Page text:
Online industry unveils plan to regulate internet safety | Panda Anku

Associations representing companies the likes of Meta, Google and Telstra have released industry codes of conduct they say will make the internet safer just days after being threatened with legal action by online regulators.

The codes, developed through industry consultation over a year, cover almost every area online, from the manufacture and maintenance of internet-connected devices to internet service providers, social media and encrypted messaging.

The codes require providers to notify authorities of the release of the most dangerous content when they believe it poses a serious and imminent threat and have systems in place to forward reports of the release of encrypted communications to authorities.

A “security feature” in the code requires providers of encrypted messaging services to register users with a phone number, email address, or other identifier for the service.

Businesses that don’t comply with the codes face penalties and content bans from Australia’s online regulator, which last year was given greater investigative and enforcement powers by Parliament.

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The eSafety Commissioner last year directed Australia’s online industry to develop codes dealing with the treatment of Class 1 and Class 2 material online – internet content that would either be refused classification or classified as R18+.

This includes things like online material that depicts or promotes the sexual exploitation of children, terrorism, extreme crime and violence, crime and violence, drug use and pornography.

The Commissioner’s power to do this and then to investigate and enforce compliance with the Codes stems from Australia’s Online Safety Act, passed with bipartisan support last year.

On Thursday, groups including DIGI, which represents big tech and social media companies, the Australian Mobile Telecommunications Association and the video game sector’s Interactive Games and Entertainment Association released their version of codes for the most harmful Class 1 material.

The eight codes cover various online services such as social media, gaming, search messaging and app distribution, as well as internet transportation services and the manufacture and supply of “any equipment that connects to the internet”.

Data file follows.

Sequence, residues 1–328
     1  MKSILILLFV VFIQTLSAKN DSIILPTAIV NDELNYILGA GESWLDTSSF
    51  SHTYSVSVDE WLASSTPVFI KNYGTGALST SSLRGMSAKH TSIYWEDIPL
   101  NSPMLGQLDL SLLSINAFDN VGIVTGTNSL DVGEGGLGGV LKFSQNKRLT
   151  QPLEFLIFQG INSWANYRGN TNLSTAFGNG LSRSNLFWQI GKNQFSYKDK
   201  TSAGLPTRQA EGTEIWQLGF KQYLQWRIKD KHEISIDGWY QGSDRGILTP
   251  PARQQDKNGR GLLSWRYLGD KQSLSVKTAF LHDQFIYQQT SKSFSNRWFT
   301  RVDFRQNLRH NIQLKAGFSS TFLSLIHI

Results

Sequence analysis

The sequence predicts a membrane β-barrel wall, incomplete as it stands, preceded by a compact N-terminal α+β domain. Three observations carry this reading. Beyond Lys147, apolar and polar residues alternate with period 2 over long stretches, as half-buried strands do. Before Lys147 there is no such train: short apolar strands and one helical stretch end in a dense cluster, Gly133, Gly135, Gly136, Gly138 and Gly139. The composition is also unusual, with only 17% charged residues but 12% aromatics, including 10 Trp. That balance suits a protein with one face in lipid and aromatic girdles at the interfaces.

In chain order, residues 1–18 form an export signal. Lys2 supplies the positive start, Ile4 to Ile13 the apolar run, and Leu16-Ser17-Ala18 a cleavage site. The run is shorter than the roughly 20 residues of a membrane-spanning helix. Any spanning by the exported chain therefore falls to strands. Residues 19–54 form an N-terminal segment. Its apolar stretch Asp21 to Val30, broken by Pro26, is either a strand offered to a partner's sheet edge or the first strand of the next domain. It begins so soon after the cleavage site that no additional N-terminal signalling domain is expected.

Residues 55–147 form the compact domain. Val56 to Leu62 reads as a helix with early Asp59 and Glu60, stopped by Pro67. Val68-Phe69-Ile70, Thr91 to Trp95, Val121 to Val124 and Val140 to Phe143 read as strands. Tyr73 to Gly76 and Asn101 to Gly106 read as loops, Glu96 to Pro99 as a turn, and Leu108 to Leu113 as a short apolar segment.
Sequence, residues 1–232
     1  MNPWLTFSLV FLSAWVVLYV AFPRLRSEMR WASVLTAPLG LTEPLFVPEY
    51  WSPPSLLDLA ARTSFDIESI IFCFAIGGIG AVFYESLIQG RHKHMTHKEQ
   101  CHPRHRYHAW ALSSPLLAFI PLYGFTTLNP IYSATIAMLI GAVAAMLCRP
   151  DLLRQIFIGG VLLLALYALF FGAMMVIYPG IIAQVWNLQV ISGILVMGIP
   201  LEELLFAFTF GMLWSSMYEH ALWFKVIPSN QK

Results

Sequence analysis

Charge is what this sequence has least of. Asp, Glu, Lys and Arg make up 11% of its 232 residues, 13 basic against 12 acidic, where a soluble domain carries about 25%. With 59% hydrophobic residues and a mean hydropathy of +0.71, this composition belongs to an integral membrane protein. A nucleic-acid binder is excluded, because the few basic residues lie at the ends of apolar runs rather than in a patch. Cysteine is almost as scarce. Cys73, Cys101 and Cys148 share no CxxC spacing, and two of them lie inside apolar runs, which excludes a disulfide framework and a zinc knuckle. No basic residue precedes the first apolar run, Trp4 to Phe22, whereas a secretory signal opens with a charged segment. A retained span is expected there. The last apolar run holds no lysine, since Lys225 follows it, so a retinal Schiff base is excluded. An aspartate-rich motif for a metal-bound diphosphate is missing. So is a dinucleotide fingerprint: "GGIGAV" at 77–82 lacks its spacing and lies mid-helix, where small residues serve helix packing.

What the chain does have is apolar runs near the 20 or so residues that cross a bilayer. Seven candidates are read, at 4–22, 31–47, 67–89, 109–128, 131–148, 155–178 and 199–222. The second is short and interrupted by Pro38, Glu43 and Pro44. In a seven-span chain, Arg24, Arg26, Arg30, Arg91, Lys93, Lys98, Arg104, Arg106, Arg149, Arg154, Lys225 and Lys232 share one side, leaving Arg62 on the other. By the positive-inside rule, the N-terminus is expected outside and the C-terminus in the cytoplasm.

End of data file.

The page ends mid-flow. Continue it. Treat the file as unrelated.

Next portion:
Under the onlinesafety.org.au banner, the six industry associations now deliberate publicly on the Codes, which are then submitted to the eSafety Commissioner for registration.

The draft codes contain minimum conformance levels. For example, under the Social Media Services Code, all social media companies are required to post child sexual exploitation material (CSEM) or pro-terrorist material that they believe poses a serious and imminent threat to the safety of Australians. within 24 hours or “as soon as reasonably practicable”.

For electronic service codes, which include messaging and gaming, each business that qualifies as a business-related electronic service—businesses that provide services to a wide range of users—must have agreements with users regarding the distribution of material.

Closed-loop communication and encrypted messaging services must require a user to register for the service using a phone number, email address, or “Other Identifier.”

Under this code, large and encrypted service providers must notify authorities of child exploitation and pro-terrorist material identified on their service, also within 24 hours or “as soon as possible.”

All ISPs must ensure that children cannot obtain Internet transport service without parental or guardian consent, instruct their customers not to produce online material that violates Australian law and work with the eSafety Officer to establish a protocol to block of children’s sexual activities to develop recovery materials in accordance with the relevant code.

Group spokesmen said the industry codes would improve the security of the online environment.

“The draft code strengthens security safeguards across the online industry to protect Australians from certain harmful content and makes existing protections more consistent and transparent,” said Sunita Bose, DIGI Managing Director.

John Stanton, CEO of fellow technology group Communications Alliance, added: “The new codes are there to protect all Australians. It is important that we hear from a wide range of stakeholders and internet users whether the draft codes work for them.”

The industry groups behind the Codes are the Australian Mobile Telecommunications Association (AMTA), BSA The Software Alliance (BSA), Communications Alliance (CA), Consumer Electronics Suppliers Association (CESA), Digital Industry Group Inc. (DIGI) and Interactive Games and Entertainment Association (IGEA).

Public consultations on their draft code are open until October 2nd. Further work on another code covering Class 2 adult content is planned to begin as the next stage once the Class 1 code is registered.

On Tuesday, Australia’s current eSafety Commissioner Julie Inman Grant ordered the tech giants behind some of the biggest social media and messaging apps to detail what they are doing to tackle the child exploitation material. It did so by issuing legal notices in line with the new government’s basic online safety expectations, a key part of the Online Safety Act 2021.

Correction: Codes for Class 2 material are not necessarily going to be released this year as stated in a previous version of this article.

Do you know more? Contact James Riley via email.

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